In the News March 21
War Preparations in the Name of National Interest
Calls to Place U.S. Missiles and Other Military Installations in Canada
CTV News reports that retired Canadian General Tom Lawson, a former NORAD Deputy Commander serving under U.S. command before serving as Canada’s Chief of Defence Staff from 2012-2015, said the opportunity the conflict in Ukraine presents is “a perfect moment to announce that we’re coming on board with all forms of [U.S.] ballistic missile defence and we are going to discuss the positioning of new [U.S.] radar systems and new [U.S.] missile interceptors on Canadian soil.” He added: “And, by the way, we are now announcing that we’re buying F-35s, the first of which will be delivered four years from now. Now, all of a sudden, you’re looking pretty beefy.”
U.S. General Glen VanHerck, Commander of NORAD and of the U.S. Northern Command (USNORTHCOM) left no doubt about who and what is spurring on the renewed push at this time to “modernize” NORAD in this way. He raised the alarm in a March 1 presentation to a U.S. congressional committee about “strategic competitors, rogue nations, and non-state actors” possessing the capability to strike institutions and critical infrastructure in the United States and Canada. The report carried by Canadian Press which quoted Lawson, notes that VanHerck recently “highlighted the growing threat that North America faces as Russia and China develop and field long-range weapons that can hit Canada or the United States, and which the current system can’t detect.”
A CTV report with the same thrust quotes Andrea Charron, a professor who directs the Centre for Defence and Security Studies at the University of Manitoba, who stated: “Ukraine has made NORAD even more important, because we are the back door to NATO.” She said “If Russia felt boxed in, where are they going to hit? They’re going to hit somewhere that is not very populated, and that speaks to the Arctic. This is ‘escalate to de-escalate.'”
Charron has worked for various federal departments including the Privy Council Office in the Security and Intelligence Secretariat where she helped oversee Canada’s spy agencies that are fully integrated with those of the U.S. and its “Five Eyes” network.
This kind of reporting by national news networks whose TV programing is saturated with scenes of suffering and desperation, fostering war hysteria and anti-Russia animus, is disinformation aimed at destroying the public opinion that exists in Canada against escalating conflict and becoming a base for U.S. wars of aggression. Canadians are supposed to accept the opinions of those presented as “experts” as proof of what the situation in Ukraine urgently requires them to do now: help the U.S. military expand its control over Canada and embroil Canada in U.S./NATO wars of aggression and occupation under the hoax that the prosperity of the “civilized” world lies in the U.S. striving for hegemony.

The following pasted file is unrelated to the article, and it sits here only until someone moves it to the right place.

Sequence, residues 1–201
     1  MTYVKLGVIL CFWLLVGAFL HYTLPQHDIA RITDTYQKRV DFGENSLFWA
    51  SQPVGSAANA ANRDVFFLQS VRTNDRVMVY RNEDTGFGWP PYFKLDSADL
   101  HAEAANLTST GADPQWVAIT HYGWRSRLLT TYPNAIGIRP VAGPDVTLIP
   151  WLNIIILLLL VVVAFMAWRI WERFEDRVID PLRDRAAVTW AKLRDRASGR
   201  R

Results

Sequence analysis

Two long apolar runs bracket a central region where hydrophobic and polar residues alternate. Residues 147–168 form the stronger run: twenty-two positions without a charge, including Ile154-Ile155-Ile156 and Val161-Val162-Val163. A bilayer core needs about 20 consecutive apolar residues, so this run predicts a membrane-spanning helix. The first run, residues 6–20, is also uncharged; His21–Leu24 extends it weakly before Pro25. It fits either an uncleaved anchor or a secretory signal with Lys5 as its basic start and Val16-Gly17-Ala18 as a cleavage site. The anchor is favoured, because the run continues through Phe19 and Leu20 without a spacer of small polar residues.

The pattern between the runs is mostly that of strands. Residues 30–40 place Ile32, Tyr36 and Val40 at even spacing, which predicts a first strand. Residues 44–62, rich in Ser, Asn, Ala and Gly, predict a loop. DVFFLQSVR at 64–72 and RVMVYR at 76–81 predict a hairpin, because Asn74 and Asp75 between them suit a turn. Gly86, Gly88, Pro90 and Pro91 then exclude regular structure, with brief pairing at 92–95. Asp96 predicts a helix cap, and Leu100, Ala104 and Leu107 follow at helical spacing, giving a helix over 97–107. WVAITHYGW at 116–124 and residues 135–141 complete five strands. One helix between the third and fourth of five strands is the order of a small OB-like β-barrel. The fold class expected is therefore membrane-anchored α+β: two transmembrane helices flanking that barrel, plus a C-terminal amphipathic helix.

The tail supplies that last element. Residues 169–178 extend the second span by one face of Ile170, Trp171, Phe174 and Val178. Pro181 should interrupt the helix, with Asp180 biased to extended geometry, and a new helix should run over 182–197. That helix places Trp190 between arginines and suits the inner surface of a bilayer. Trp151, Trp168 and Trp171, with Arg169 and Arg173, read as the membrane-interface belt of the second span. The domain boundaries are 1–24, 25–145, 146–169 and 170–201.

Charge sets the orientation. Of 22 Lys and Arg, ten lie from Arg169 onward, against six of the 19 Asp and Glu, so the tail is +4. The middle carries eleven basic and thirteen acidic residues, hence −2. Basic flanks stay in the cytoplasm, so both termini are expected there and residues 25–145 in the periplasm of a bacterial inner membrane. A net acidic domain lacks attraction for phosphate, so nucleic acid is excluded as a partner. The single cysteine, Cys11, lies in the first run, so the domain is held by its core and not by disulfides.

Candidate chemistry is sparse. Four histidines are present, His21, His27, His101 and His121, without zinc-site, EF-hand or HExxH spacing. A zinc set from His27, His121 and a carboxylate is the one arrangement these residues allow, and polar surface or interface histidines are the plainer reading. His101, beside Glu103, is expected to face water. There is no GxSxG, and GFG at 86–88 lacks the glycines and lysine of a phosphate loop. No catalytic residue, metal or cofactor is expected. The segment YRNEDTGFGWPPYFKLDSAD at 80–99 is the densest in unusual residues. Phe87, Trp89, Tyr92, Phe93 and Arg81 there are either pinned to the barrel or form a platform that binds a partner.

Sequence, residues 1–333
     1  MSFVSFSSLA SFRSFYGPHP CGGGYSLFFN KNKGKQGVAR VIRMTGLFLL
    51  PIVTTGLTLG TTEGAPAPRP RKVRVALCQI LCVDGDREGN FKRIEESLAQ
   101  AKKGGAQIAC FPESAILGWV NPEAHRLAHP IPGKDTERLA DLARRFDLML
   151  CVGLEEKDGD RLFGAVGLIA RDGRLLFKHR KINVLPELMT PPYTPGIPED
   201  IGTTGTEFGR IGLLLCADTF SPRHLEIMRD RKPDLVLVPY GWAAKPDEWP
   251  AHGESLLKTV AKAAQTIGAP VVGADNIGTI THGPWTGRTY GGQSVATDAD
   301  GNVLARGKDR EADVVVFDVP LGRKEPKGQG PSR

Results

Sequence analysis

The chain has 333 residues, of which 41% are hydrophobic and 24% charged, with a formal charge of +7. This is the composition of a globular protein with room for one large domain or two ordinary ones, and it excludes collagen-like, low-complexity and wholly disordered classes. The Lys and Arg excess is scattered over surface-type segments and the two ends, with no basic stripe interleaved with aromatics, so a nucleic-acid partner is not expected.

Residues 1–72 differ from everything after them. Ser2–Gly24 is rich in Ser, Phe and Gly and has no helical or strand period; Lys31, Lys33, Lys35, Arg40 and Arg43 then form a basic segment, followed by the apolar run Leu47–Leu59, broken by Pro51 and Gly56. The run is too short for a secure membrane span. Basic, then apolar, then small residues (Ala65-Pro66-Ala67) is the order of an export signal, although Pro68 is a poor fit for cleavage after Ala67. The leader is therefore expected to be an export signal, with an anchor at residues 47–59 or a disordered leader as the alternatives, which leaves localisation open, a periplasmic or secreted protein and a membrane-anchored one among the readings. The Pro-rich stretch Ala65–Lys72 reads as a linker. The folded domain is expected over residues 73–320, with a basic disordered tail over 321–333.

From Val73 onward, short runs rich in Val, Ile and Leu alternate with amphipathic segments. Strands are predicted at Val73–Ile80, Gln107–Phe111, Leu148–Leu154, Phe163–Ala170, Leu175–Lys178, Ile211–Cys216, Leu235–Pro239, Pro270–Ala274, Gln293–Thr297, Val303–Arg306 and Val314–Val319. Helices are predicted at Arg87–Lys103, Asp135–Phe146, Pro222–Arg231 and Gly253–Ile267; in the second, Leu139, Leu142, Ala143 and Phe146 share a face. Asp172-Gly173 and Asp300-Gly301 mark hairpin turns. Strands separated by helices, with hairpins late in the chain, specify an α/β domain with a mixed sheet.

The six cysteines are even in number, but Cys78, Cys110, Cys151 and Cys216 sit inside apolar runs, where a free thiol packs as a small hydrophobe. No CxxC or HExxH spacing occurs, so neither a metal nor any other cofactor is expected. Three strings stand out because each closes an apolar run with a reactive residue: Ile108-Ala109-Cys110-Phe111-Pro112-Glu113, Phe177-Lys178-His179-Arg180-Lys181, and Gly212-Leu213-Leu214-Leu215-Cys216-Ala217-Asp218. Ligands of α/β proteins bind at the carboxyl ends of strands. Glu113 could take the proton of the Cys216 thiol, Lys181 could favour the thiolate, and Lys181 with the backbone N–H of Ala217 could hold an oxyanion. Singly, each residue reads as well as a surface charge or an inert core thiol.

In related news, Defence Minister Anita Anand said she has had several discussions with U.S. Defense Secretary Lloyd Austin about NORAD modernization.
In January, the federal government awarded a $592 million contract to an Inuit-owned company, Nasittuq Corp., to operate and maintain NORAD’s North Warning System’s long- and short-range radars.
Nasittuq was reorganized in January 2021 “to become an Inuit controlled corporation registered as an Inuit Firm on the Nunavut Inuit Firm Registry (IFR #1043) and the Nunatsiavut Government Business Directory (#201). The shareholders of the company include Nunasi Corporation, PAIL and ATCO Frontec.”
“Under the new structure, Nunasi Corporation holds 51 per cent voting rights and ATCO Frontec holds 49 per cent voting rights, with a 51 per cent equity interest held by PAIL and a 49 per cent equity interest held by ATCO Frontec.”
ATCO Frontec is a subsidiary of ATCO Ltd., and specializes in rapid mobilization and the provision of services to NATO, U.S. and Canadian Forces as well as resource and telecommunications sectors. As a major Department of National Defence and NATO contractor, it operated the Kandahar International Airport in occupied Afghanistan from 2007-2016, as well as military bases in Kosovo, Bosnia and Canada, including in the Canadian Arctic.
The Nasittuq website states: “Established over 30 years ago as Frontier Technologies, ATCO had a vision of creating a Canadian world-class technical services company providing operations and technical services in communications, radar and electronics to a national and international clientele. This led to an award to operate the North Warning System in 1987.”
Using the situation in Ukraine to hand more Canadian territory and resources to the U.S. war machine is unacceptable. It has nothing to do with the defence of Canada.
Canadians have made it clear time and time again that they do not support Canada becoming a base for U.S. missiles or other military hardware or installations. It is precisely this fact which is leading to calls by military commanders and others who stand to profit from Canada’s stepped-up integration into the U.S. war economy and war machine, to impose something Canadians would otherwise oppose.
These cynical attempts to use the current situation in Ukraine to slip in a hidden agenda must not pass. Those already enmeshed in the U.S. war machine, many of whom profit from it handsomely in retirement as well, do not represent what Canadians want. They have spoken emphatically time and time again against U.S. missiles being placed on any part of the territory known as Canada.
1. “Statement of General Glen D. VanHerck, United States Air Force Commander, Commander United States Northern Command and North American Aerospace Defense Command Before the House Armed Services Committee Subcommittee on Strategic Forces.” March 1, 2022.
(TML Daily, posted March 21, 2022. “Ukraine war sparks fresh calls for urgency on upgrading North America’s defences,” Lee Berthiaume, Canadian Press)